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RE: Dented light pole

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Once steel is dented or bent in a fashion that you have described, the metal
has already yielded.  It would be, in my opinion, a bold judgment call to do
an analysis based on any type of yield strength, as it would be a very large
assumption, and certainly nothing you could hang your hat on.

If you are looking for a repair, I would look at something peripheral,
outside of the damaged area.  The idea being, design your repair so that you
are ignoring the current section in the area for all failure possibilities.

However, prior to doing this, I'd find out just how much it would cost to
replace one of these things.  They could possibly be spending more money
with the combination of your services, that of the contractors, and
acquisition of additional materials, for a fix that may be "unsightly."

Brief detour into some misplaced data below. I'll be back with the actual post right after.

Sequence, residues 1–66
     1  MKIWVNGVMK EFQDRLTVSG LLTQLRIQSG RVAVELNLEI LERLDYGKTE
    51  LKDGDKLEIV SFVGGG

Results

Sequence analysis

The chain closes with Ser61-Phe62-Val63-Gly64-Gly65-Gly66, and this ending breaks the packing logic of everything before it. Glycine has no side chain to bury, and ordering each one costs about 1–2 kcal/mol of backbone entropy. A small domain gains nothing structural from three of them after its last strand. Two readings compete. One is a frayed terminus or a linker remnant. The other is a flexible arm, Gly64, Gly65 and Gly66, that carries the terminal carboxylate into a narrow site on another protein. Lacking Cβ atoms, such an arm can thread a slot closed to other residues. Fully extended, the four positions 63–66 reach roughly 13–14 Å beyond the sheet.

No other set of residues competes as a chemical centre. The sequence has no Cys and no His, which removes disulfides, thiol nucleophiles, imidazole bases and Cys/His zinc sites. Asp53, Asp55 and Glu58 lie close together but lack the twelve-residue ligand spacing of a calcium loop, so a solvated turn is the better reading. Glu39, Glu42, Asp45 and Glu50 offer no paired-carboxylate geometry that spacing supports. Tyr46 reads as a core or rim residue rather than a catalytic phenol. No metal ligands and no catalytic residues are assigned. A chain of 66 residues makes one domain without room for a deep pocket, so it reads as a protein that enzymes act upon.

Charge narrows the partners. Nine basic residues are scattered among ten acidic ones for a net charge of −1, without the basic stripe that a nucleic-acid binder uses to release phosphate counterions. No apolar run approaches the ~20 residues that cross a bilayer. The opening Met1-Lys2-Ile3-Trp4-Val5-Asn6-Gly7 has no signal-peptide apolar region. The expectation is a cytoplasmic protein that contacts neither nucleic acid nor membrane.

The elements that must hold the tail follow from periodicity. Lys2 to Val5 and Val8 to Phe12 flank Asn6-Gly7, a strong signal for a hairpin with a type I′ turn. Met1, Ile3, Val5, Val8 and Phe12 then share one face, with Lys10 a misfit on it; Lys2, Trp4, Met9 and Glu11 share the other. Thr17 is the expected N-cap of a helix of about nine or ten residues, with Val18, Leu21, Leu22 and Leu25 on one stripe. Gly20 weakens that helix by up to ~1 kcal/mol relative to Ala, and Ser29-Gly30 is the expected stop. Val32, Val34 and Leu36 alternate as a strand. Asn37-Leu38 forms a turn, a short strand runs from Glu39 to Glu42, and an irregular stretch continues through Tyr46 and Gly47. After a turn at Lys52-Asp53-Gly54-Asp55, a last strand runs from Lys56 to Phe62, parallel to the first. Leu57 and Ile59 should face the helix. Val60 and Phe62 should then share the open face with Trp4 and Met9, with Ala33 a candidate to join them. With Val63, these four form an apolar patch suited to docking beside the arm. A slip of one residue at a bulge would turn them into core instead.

Just a thought.

Dave Maynard, PE
Gillette, Wyoming

> -----Original Message-----
> From: Jim Wilson [mailto:wilsonengineers(--nospam--at)yahoo.com]
> Sent: Wednesday, October 05, 2005 12:50 PM
> To: seaint(--nospam--at)seaint.org
> Subject: Dented light pole
>
>
> Is there a correct way to analyze a pole with a small dent in it?
>  A client backed into a 60'-80'
> tall light pole leaving a horizontal dent that appears to be
> between 1/4" and 1/2" deep.  The pole
> is about 20"-24" in diameter and is supposedly made of steel.  I
> don't have specific data because
> the pole is currently inaccessible.  In short, the dent looks
> fairly benign from a distance.
>
> Does something like this typically require an FEM analysis?  Is
> there a type of cover plate that
> should be recommended, or is it a judgment call?  As I've already
> exceed my quota of judgment
> calls for the year, I hope to find a typical fix, even if it
> turns out to be overkill.  Maybe
> there is some guidance that the piping industry would typically provide.
>
> Any help will be greatly appreciated.
>
> Thanks in advance,
> Jim Wilson
> Stroudsburg, PA
>
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